It’s a muggy June evening, not unlike pre-monsoon weather. South Asians, both young and old, and others from Washington DC’s international milieu, are greeted by a statue of a donkey, the symbol for the American Democratic Party, as they enter the National Women’s Democratic Club for a screening of The Sky Below — a travelogue of the subcontinent’s Partition.
The documentary shows film-maker Sarah Singh’s roadside portraits of border regions in Pakistan and India. Similarities in the landscape, ruins of former civilisations and the rhythm of local life is captured in a way that makes scenes shot in India difficult to discern from those shot in Pakistan. But as Singh pauses to interview members of the generation that endured the Partition, the reality of this division begins to weigh heavily.
The documentary shows film-maker Sarah Singh’s roadside portraits of border regions in Pakistan and India.
The Sky Below was first screened at international film festivals eight years ago to acclaim and awards. In 2015, it still doesn’t seem to have lost its relevance. The audience at the National Women’s Democratic Club responded with a heartfelt resonance to the oral histories of loss and pain. One person remarked the film proved the dream of long-lost unity is still alive. Another added the traditional music in the film made her feel as if she was back home.
Two weeks later, again in Washington DC, Carnegie Endowment for International Peace hosted an event for Nisid Hajari’s new book on the history of Partition, Midnight’s Furies. “What are the chances of reconciliation?” and “How can tension between India and Pakistan de-escalate?” were some of the questions that arose in the minds of the audience.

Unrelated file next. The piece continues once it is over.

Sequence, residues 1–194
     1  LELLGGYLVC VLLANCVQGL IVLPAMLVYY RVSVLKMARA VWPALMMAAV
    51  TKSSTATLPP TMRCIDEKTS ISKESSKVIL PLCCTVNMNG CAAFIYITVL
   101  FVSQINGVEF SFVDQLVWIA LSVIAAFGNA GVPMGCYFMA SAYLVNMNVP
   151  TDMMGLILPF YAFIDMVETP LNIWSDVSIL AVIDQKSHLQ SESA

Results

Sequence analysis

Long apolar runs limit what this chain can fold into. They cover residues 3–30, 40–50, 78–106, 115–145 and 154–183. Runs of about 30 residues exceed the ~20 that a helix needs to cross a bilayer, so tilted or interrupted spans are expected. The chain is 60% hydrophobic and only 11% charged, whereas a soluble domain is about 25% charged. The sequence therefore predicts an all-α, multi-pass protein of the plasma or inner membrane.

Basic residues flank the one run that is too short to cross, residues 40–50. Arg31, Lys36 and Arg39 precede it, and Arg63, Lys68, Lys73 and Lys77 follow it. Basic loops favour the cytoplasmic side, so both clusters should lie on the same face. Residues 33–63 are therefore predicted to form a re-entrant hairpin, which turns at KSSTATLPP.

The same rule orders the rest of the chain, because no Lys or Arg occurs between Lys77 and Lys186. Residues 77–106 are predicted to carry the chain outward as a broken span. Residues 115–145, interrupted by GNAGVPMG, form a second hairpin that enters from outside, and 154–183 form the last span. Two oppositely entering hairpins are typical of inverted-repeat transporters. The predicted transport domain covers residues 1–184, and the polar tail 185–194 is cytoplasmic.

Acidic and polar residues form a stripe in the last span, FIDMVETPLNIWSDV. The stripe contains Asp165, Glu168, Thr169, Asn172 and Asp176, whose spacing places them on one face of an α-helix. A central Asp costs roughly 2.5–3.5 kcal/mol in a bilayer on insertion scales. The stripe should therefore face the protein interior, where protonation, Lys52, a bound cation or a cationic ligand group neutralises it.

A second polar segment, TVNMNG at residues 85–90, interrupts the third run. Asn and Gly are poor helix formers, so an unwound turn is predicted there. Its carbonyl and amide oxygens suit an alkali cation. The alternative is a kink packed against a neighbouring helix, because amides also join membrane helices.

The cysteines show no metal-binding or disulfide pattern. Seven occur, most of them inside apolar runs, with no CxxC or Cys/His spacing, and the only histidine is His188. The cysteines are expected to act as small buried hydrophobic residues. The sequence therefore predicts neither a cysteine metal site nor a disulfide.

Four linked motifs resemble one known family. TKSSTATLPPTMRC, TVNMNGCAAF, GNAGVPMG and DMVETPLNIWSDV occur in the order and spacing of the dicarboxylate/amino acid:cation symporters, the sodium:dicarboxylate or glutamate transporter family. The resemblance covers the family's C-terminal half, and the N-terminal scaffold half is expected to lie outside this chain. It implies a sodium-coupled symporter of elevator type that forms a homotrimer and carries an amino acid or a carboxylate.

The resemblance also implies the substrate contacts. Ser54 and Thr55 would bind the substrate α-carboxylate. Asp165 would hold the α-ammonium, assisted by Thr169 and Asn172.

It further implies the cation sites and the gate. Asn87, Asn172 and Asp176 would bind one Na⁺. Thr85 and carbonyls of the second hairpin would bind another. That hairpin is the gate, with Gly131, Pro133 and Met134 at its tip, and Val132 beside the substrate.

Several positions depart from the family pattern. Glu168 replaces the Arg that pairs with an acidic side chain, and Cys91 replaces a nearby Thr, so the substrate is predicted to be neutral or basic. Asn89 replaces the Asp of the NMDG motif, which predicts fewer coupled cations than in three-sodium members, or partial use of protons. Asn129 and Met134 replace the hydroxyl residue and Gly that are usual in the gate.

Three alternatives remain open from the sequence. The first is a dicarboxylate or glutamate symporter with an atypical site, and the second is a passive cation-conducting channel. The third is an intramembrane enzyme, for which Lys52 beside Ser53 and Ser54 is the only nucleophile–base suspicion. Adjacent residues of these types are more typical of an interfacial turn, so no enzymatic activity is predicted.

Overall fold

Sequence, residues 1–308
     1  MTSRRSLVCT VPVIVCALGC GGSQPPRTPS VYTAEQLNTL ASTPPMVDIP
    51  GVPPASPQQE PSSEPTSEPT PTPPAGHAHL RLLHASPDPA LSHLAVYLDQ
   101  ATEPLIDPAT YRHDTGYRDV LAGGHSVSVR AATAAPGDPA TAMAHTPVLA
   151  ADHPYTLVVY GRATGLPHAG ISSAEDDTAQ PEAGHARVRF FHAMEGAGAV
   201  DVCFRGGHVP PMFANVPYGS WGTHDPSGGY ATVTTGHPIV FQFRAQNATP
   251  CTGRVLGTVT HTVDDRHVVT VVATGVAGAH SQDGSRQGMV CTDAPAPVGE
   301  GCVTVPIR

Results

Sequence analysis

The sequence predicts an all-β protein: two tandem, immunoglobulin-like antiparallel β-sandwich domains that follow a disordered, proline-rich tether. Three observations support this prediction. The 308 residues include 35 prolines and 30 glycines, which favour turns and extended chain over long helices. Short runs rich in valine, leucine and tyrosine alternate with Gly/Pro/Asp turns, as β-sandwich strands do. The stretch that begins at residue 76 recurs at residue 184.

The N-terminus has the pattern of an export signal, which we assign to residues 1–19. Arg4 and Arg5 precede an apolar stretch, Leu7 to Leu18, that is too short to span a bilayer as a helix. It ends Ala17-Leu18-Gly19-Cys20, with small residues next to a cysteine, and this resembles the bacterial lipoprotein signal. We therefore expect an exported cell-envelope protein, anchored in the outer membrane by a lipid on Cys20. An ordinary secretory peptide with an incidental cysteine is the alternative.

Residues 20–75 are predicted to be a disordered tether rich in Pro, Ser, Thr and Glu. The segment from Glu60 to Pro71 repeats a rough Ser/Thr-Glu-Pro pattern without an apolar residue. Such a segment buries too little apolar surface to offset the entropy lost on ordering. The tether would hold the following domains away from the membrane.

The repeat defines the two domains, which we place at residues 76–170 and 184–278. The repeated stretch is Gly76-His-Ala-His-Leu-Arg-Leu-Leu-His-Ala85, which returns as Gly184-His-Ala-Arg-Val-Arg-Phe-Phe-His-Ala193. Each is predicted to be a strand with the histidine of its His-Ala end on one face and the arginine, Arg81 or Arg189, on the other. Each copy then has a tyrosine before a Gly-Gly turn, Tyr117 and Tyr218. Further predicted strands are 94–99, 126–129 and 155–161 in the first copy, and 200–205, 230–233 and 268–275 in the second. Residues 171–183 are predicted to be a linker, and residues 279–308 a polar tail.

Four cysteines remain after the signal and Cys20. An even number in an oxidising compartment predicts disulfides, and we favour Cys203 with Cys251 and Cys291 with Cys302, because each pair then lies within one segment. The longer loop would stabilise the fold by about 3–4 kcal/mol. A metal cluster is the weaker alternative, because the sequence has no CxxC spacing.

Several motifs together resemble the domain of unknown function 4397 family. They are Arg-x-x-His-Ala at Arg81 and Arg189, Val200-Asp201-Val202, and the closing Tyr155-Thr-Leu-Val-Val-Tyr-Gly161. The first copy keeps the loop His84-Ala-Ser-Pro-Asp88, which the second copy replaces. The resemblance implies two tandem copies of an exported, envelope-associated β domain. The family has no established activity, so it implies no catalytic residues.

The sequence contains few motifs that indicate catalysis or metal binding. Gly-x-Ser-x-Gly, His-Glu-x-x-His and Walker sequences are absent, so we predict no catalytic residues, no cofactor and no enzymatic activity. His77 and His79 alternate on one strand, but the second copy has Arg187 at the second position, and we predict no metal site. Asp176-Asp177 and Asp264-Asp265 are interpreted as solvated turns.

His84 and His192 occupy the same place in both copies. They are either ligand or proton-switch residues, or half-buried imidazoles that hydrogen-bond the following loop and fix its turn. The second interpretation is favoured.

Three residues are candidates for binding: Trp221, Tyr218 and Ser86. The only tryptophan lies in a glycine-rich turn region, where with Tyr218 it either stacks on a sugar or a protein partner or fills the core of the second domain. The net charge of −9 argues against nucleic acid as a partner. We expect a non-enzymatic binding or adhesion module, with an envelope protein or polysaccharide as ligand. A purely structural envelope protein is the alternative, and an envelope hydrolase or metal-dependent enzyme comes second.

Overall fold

In their attempt to tell a story about Partition which includes Pakistani and Indian perspectives, both The Sky Below and Midnight’s Furies are a part of what William Dalrymple described in The New Yorker in June as “a spate of new work that has challenged seventy years of nationalist mythmaking.” The myths Dalrymple refers to are the populist histories of Partition in both India and Pakistan that place the blame on the other side for instigating religious transgressions to the point where separation became a necessity. In Midnight’s Furies, Nisid Hajari strived to counter this cycle of blame with a balanced approach, “I felt like there was a need for something that tried to tie it all together and had what was best and most accurate in both narratives,” he tells The Express Tribune.
While working on their pieces, both Singh and Hajari received questions like, “Hasn’t this been done already?” It’s true that many writers have scrutinised Partition from all sorts of angles. Works of fiction such as Train to Pakistan are internationally renowned. Much scholarship has been undertaken on the political history and violence of Partition. But ongoing flare-ups in relations between Pakistan and India demonstrate that despite the number of times this subject has ‘been covered’, the consequences of Partition still carry urgency. All it takes is a provocative public gesture to feed into the prevailing narrative that the two countries are natural enemies. Indian Prime Minister Narendra Modi’s recent proposal to celebrate the 40th anniversary of the 1965 Indo-Pak War and an exchange of hostile rhetoric between him and Pakistani officials regarding Myanmar attest to that.
Author of Midnight’s Furies, Nisid Hajari, Director of The Sky Below, Sarah Singh.